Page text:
SANTA ANA, Calif. » More than a quarter-century after the killing, a man from Hawaii was convicted Tuesday of murdering the famously flamboyant owner of a Southern California topless nightclub.
A jury deliberated for less than a day before finding Richard C. Morris II guilty of the murder of Jimmy Casino, one of Orange County’s best known unsolved killings.
Morris, 59, of Pearl City, was also found guilty of the special circumstances of murder for financial gain, murder during the commission of a robbery and murder during the commission of a rape, the Orange County Register reported.
He could get life in prison with no possibility of parole at his June sentencing.
Casino, whose real name was James Stockwell, lived a lavish lifestyle as owner of the lucrative Mustang Topless Theater, but was also deep in debt, and his club was slowly overtaken by organized crime, police and prosecutors said. His was the first in a series of mob-style executions linked to the theater.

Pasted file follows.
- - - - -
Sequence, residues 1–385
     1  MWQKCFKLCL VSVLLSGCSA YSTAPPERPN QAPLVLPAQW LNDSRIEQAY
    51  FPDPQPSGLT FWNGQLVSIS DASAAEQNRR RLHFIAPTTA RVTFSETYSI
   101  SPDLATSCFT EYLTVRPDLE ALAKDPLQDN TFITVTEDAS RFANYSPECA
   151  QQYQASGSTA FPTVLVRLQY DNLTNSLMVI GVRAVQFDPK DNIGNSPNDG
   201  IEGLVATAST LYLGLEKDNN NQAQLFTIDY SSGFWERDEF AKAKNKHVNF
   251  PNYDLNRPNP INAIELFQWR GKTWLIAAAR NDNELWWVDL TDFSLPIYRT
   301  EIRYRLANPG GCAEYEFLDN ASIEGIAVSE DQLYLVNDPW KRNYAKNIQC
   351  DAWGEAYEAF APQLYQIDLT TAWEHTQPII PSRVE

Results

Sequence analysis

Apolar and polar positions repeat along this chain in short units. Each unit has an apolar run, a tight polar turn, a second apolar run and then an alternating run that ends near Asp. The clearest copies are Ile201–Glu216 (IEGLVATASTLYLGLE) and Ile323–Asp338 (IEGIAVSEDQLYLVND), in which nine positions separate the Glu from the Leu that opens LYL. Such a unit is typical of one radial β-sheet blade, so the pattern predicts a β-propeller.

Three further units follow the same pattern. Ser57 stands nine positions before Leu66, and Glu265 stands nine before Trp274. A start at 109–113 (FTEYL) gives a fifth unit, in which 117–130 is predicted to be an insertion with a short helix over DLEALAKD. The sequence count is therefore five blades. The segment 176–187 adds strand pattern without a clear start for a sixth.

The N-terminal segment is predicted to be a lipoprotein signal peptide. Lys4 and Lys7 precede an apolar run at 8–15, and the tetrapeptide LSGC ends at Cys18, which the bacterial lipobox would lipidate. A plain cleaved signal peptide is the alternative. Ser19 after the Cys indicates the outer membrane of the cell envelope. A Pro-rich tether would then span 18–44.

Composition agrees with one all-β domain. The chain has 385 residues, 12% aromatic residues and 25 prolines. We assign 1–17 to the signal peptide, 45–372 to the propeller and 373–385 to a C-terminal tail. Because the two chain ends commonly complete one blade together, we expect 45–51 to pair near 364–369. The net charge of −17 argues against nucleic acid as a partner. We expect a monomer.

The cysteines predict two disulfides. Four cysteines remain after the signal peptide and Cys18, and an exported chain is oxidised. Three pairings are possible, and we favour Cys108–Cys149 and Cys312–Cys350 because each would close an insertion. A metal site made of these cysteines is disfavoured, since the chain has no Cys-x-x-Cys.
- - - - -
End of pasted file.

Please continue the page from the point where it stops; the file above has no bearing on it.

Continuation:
Prosecutors said Morris was one of two intruders who in 1987 ransacked Casino’s Buena Park condo, raped his 22-year-old girlfriend, shot him in the back of a head with a silencer-equipped handgun and left with money, jewelry, furs and two luxury cars.
“This is a testament to investigators who continued to investigate a cold case years after most people think the case is forgotten,” Deputy District Attorney Michael Murray said after the conviction. “Many people think that if you have a victim who’s different than the mainstream, people get the misimpression that law enforcement will not work as hard. Jimmy Casino was a colorful guy. He was also a father, husband and a businessman.”
Morris was arrested in Honolulu in 2008 after investigators matched a DNA sample from the rape of Casino’s girlfriend to a sample Morris submitted for an unrelated case in Hawaii. He was not charged with the rape because the statute of limitations had expired.